26
Chapter 2
Probability
2.4
If A and B are two sets, draw Venn diagrams to verify the following:
a
b
2.5
2.6
A = (A B) (A B).
If B A then A = B (A B).
Refer to Exercise 2.4. Use the identities A = A S and S = B B and a distributive law to
prove that
a A
CHAPTER
1
What Is Statistics?
1.1 Introduction
1.2 Characterizing a Set of Measurements: Graphical Methods
1.3 Characterizing a Set of Measurements: Numerical Methods
1.4 How Inferences Are Made
1.5 Theory and Reality
1.6 Summary
References and Further Re
Contents vii
4.8
Some General Comments
4.9
Other Expected Values
4.10
Tchebysheffs Theorem
4.11
Expectations of Discontinuous Functions and Mixed Probability
Distributions (Optional) 210
4.12
Summary
201
202
207
214
5 Multivariate Probability Distribution
1.3
Characterizing a Set of Measurements: Numerical Methods
9
could be formed from the same set of measurements. To make inferences about a
population based on information contained in a sample and to measure the goodness
of the inferences, we need rigoro
32
Chapter 2
Probability
e Because A = E 8 E 9 E 10 , Axiom 3 implies that
P(A) = P(E 8 ) + P(E 9 ) + P(E 10 ) = 3/10.
The next section contains an axiomatic description of the method for calculating
P(A) that we just used.
Before we proceed, let us note
2
Chapter 1
What Is Statistics?
problem of making decisions in the face of uncertainty. And Mood, Graybill, and
Boes (1974) define statistics as the technology of the scientific method and add
that statistics is concerned with (1) the design of experiment
NOTE TO THE STUDENT
As the title Mathematical Statistics with Applications implies, this text is concerned
with statistics, in both theory and application, and only deals with mathematics as a
necessary tool to give you a firm understanding of statistical
Preface xv
FIGURE 1
Applet illustration of
Bayes rule
random variable are equivalent to probabilities associated with the standard normal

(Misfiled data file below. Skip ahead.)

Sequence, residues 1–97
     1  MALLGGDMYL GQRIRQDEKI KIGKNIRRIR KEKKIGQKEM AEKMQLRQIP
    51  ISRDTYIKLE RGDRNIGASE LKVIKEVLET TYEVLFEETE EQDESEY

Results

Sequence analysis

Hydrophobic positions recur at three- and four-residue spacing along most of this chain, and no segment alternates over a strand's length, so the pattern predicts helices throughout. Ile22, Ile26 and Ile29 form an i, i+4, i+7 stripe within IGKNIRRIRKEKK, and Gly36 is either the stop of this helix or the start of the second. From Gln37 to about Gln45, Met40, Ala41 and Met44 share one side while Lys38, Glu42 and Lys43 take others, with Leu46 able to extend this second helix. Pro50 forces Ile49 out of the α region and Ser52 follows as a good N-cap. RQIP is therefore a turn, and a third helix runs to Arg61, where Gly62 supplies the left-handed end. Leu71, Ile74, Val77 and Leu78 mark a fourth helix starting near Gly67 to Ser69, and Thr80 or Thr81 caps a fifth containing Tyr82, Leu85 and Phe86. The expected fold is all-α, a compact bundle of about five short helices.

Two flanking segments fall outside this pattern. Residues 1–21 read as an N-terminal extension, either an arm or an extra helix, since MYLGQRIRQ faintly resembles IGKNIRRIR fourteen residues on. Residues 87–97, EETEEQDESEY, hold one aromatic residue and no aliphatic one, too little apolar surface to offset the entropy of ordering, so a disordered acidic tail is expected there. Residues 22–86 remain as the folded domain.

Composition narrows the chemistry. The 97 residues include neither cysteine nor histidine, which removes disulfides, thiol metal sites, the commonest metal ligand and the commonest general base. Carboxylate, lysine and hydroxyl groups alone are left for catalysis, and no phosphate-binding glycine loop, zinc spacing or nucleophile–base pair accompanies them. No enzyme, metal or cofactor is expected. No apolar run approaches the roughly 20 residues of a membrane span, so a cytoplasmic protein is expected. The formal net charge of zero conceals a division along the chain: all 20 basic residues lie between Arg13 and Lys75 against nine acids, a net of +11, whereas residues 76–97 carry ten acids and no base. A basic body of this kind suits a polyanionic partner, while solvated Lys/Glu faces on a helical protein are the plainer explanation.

distribution. The applet Normal Probabilities (One Tail) provides upper-tail areas associated with any user-specified
xii
Contents
A1.5
Identity Elements
A1.6
The Inverse of a Matrix
A1.7
The Transpose of a Matrix
A1.8
A Matrix Expression for a System of Simultaneous
Linear Equations 828
A1.9
Inverting a Matrix
A1.10
Solving a System of Simultaneous Linear Equations
A1.1
CONTENTS
Preface
xiii
Note to the Student
xxi
1 What Is Statistics? 1
1.1
Introduction
1.2
Characterizing a Set of Measurements: Graphical Methods
3
1.3
Characterizing a Set of Measurements: Numerical Methods
8
1.4
How Inferences Are Made
1.5
Theory and R
Contents xi
14.4
Contingency Tables
14.5
r c Tables with Fixed Row or Column Totals
14.6
14.7
Other Applications
721
729
734
Summary and Concluding Remarks
736
15 Nonparametric Statistics 741
15.1
Introduction
15.2
A General Two-Sample Shift Model
15.3
Th
xviii
Preface
illustration of convergence in probability. In Chapter 10, the applet Hypothesis Testing
(for Proportions) illustrates important concepts associated with test of hypotheses
including the following:
What does really mean?
Tests based on lar
10
Chapter 1
What Is Statistics?
DEFINITION 1.2
The variance of a sample of measurements y1 , y2 , . . . , yn is the sum of the
square of the differences between the measurements and their mean, divided
by n 1. Symbolically, the sample variance is
s2 =
n
18
Chapter 1
What Is Statistics?
Munich. Of these 2000 women, the 48% who worked outside the home had HDL levels that were
between 2.5 and 3.6 milligrams per deciliter (mg/dL) higher than the HDL levels of their stayat-home counterparts. Suppose that the
Exercises
7
c If one of the stocks is selected at random from the 40 for which the preceding data were
taken, what is the probability that it will have traded fewer than 5% of its outstanding shares?
1.5
Given here is the relative frequency histogram asso